First off, she dismissed the popular notion that manufacturer's skin overlays on top of Android's stock interface are the reason for the delays. The main culprit is apparently hardware - the more chipsets and baseband radios for different carriers or countries a manufacturer uses, the more complicated it gets to adjust the code for each and every one.
She said it's very simple to update Windows Phones, for example, as there is only one standardized chassis, or even Sony's smartphones, since they only use Qualcomm chipsets. For Moto, however, it is more complicated, because the company uses a number of chipsets and radios from different manufacturers, and it takes time to tailor and troubleshoot them all.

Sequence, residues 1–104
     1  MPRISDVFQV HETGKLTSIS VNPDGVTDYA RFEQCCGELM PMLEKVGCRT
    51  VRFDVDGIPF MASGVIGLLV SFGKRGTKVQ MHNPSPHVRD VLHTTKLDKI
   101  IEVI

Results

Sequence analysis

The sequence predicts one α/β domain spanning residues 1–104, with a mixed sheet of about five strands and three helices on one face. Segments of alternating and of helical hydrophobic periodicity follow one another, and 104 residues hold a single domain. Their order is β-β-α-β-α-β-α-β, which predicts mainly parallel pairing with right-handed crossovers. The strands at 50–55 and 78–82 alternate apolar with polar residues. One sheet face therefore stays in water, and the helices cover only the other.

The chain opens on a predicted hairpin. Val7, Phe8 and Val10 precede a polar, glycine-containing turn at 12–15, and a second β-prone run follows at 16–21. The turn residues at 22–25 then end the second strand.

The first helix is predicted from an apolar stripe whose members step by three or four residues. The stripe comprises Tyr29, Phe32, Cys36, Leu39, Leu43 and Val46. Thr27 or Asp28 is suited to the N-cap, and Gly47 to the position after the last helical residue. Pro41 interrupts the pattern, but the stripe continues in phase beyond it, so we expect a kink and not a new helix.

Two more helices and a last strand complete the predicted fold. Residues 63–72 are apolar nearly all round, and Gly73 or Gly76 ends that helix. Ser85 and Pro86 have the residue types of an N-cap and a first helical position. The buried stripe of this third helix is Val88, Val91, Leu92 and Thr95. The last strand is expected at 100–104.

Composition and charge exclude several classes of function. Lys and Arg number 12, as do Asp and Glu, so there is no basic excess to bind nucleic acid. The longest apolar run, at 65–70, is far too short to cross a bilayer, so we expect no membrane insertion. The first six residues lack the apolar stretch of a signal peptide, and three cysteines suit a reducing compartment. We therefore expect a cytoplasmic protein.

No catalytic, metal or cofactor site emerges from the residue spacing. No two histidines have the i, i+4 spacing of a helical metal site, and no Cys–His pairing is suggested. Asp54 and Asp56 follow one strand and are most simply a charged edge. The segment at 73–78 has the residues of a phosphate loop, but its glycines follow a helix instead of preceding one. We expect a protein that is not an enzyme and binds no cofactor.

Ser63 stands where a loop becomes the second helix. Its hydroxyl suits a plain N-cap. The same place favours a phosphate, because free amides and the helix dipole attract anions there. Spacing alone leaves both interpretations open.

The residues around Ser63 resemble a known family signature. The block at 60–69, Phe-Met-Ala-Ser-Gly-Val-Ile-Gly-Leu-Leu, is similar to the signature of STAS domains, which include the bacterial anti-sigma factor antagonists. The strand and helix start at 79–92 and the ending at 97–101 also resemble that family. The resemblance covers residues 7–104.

Nothing we haven't heard already from Sony, for example, which came to similar conclusions in their own explanations what's taking so long for Android updates to reach our handsets, but it's nice to have a confirmation. Despite all these hassles, Motorola's exec said that the company has been pretty quick with updates so far, and has often been the first out of the door with the newest Android version for some of its gear.